Purpose: Differences in site, device, and/or settings may cause large variations in the intensity profile of dopamine transporter (DAT) single-photon emission computed tomography (SPECT) images. However, the current standard to evaluate these images, the striatal binding ratio (SBR), does not efficiently account for this heterogeneity and the assessment can be unequivalent across distinct acquisition pipelines. In this work, we present a voxel-based automated approach to intensity normalize such type of data that improves on cross-session interpretation.
Procedures: The normalization method consists of a reparametrization of the voxel values based on the cumulative density function (CDF) of a Gamma distribution modeling the specific region intensity. The harmonization ability was tested in 1342 SPECT images from the PPMI repository, acquired with 7 distinct gamma camera models and at 24 different sites. We compared the striatal quantification across distinct cameras for raw intensities, SBR values, and after applying the Gamma CDF (GDCF) harmonization. As a proof-of-concept, we evaluated the impact of GCDF normalization in a classification task between controls and Parkinson disease patients.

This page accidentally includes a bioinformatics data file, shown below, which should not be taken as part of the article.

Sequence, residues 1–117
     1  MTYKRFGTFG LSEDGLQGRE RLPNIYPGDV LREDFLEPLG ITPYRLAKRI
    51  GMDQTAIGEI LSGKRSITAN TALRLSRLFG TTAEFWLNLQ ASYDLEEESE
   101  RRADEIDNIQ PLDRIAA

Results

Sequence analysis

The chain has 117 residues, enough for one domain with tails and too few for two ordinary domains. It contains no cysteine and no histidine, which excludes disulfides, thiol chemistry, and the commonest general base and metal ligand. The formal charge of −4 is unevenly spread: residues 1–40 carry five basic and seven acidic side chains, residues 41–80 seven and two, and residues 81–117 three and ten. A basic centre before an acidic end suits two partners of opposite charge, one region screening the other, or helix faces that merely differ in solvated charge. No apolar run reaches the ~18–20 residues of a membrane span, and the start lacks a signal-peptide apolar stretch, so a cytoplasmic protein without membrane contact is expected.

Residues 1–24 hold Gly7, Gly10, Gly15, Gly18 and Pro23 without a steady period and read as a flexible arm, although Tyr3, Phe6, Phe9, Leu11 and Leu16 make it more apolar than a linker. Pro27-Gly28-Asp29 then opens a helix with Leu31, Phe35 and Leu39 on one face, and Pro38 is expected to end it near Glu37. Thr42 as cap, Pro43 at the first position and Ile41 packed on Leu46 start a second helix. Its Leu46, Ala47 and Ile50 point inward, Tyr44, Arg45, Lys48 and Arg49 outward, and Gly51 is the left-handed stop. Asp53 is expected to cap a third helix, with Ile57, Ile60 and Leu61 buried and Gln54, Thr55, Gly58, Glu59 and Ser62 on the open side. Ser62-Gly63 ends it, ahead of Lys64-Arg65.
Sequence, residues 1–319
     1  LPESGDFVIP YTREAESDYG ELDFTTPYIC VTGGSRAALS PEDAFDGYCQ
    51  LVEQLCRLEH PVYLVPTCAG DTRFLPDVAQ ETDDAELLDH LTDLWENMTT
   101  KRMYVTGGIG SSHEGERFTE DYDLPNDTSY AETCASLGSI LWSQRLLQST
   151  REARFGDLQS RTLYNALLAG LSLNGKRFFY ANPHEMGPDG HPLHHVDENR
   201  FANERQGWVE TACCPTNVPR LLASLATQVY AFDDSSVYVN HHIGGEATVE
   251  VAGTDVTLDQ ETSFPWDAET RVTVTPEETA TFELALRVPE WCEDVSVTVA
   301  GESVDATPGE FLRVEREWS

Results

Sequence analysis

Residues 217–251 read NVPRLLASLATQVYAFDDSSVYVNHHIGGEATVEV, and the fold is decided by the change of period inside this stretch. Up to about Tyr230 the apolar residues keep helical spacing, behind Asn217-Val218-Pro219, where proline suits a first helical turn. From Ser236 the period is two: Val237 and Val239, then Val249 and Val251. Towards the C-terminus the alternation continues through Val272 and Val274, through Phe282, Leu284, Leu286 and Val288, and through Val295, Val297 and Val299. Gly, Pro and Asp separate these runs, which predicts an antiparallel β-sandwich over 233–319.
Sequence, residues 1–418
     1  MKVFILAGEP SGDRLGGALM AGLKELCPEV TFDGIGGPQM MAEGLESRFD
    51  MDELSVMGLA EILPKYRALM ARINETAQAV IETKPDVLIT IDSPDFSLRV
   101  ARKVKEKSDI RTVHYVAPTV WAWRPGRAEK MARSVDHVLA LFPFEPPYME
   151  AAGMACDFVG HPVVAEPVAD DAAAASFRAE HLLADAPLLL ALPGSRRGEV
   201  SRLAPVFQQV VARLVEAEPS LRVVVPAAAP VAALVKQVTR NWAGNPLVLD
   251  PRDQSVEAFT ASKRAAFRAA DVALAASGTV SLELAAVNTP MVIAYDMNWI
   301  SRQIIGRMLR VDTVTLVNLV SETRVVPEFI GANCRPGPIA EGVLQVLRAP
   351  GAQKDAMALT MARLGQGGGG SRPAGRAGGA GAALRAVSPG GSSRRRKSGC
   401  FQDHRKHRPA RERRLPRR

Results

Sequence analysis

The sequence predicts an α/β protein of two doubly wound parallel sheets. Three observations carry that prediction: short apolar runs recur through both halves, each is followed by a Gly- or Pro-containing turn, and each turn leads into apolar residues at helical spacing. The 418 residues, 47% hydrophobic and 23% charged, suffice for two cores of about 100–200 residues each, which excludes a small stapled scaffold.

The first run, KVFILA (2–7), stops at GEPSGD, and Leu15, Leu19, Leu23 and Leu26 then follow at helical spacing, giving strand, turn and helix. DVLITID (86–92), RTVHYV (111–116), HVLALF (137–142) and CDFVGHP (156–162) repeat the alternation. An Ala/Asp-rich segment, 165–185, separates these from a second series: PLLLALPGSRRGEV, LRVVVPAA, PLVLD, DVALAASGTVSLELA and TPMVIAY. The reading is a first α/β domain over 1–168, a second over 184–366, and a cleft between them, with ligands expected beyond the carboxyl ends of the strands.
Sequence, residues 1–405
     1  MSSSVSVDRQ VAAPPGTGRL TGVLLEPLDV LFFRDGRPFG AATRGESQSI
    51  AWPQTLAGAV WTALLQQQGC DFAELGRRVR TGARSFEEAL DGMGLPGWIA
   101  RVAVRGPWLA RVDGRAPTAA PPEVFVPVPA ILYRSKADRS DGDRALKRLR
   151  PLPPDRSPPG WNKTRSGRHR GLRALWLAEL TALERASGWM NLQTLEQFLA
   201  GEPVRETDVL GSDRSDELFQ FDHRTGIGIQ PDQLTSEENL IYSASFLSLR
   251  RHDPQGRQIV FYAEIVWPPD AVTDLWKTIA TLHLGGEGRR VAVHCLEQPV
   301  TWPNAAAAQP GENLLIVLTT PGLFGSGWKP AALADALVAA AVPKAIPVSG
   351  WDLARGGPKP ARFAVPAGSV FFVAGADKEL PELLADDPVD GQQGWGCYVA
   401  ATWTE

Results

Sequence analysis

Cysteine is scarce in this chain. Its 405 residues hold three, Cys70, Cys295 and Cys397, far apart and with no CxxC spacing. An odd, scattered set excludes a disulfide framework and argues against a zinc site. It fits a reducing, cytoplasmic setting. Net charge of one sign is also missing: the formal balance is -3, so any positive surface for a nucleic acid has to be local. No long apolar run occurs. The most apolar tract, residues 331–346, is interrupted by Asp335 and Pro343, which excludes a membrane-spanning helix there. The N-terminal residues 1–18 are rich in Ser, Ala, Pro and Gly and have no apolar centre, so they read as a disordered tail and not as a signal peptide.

Results: Raw striatal intensities and SBR values presented significant differences across distinct camera models. We demonstrate that GCDF normalization efficiently alleviated these differences in striatal quantification and with values constrained to a fixed interval [0, 1]. Also, our method allowed a fully automated image assessment that provided maximal classification ability, given by an area under the curve (AUC) of AUC = 0.94 when used mean regional variables and AUC = 0.98 when used voxel-based variables.
Conclusion: The GCDF normalization method is useful to standardize the intensity of DAT SPECT images in an automated fashion and enables the development of unbiased algorithms using multicenter datasets. This method may constitute a key pre-processing step in the analysis of this type of images.
Keywords: Dopamine transporter; Gamma distribution; Intensity normalization; Multicenter studies; PPMI; SPECT.